Such is the character of the human mind, that passions and prejudices are perpetually liable to mislead the judgment. We see the African in this country to be every way a degraded being ; and we have hence imagined a similar state of barrenness to exist even in the soil of that country which has nourished him. But I will give a few examples of the productiveness of that soil. When I arrived in Africa, i found the colonists occupying a plantation, within two miles of Freetown, in the British settlement. It consisted of five hundred acres, regularly laid out into sections, formed
by walks of from fifteen to twenty feet in width, bordered with Lime, Lemon, and Orange trees, interspersed with Pine-apples, Bananas, and Plantains, and with the beautiful Tamarind and Locust trees. The whole plantation, which had formerly been devoted to the cultivation of Arrow Root, had been neglected by our people and suffered that season, to grow up to grass, which springs spontaneously like the crab grass of America, in the fall of the year. The grass which had sprung up in this plantation, was of a species called Guinea Grass, aud it presented a beautiful verdant growth from three to twelve feet high over the whole five hundred acres.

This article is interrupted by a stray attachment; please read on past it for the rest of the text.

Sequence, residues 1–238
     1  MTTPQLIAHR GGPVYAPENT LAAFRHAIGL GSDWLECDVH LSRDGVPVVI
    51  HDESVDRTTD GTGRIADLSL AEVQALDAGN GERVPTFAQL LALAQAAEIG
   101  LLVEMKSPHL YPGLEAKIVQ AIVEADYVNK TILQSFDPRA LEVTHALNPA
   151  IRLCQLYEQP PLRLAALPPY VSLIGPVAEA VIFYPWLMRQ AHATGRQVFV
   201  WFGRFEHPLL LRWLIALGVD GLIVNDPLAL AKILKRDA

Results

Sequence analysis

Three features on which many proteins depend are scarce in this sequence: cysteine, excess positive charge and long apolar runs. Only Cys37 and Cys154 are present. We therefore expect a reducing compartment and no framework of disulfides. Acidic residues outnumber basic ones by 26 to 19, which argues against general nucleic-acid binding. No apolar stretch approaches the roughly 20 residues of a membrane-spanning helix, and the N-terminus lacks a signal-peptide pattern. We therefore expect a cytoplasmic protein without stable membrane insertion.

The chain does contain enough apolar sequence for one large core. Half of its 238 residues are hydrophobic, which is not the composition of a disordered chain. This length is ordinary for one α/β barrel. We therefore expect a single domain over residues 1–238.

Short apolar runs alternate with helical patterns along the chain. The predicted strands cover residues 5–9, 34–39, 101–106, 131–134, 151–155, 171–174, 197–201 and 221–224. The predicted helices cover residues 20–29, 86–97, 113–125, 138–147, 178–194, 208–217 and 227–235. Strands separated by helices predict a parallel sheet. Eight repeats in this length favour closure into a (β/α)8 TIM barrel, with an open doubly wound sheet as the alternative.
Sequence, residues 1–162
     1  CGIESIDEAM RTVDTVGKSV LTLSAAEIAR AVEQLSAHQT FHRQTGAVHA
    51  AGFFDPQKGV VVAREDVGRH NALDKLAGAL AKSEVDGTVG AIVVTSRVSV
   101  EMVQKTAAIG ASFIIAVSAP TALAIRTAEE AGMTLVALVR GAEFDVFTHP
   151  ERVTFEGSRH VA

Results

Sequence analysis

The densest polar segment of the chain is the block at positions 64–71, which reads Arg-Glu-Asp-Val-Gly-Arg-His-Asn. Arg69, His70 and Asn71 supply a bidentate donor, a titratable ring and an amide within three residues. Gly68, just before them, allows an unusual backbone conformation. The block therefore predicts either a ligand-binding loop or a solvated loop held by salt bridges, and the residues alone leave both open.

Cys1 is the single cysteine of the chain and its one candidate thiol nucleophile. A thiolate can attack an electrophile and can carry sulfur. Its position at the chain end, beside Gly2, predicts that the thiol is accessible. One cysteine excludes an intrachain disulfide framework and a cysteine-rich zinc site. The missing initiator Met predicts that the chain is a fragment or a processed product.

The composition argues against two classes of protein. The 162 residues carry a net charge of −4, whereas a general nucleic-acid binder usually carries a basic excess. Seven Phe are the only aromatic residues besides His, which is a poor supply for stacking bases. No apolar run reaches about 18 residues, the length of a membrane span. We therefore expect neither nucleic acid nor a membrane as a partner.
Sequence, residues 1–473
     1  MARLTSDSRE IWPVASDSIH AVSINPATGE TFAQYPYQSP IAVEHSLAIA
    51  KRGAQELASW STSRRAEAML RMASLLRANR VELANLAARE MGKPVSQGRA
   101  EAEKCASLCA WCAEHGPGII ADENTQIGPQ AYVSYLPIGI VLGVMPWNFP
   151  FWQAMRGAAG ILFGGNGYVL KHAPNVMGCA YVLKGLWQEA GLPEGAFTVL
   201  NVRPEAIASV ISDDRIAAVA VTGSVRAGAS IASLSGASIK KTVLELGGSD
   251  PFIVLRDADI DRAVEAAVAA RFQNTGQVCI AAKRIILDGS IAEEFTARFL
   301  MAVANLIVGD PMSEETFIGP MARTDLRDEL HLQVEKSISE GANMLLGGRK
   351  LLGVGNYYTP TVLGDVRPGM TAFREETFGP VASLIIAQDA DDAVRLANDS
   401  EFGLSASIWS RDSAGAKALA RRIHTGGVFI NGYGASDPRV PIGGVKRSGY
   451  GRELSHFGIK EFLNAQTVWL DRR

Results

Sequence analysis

Think what must have been my impressions, on viewing this beautiful prospect, with a mind previously stored with the common place ideas of the barrenness of Africa. Those who are acquainted with the value of that grass for pasture, may form some idea of the capability of the country for grazing. The Banana grows there, in the greatest perfection, and is a very good substitute for bread.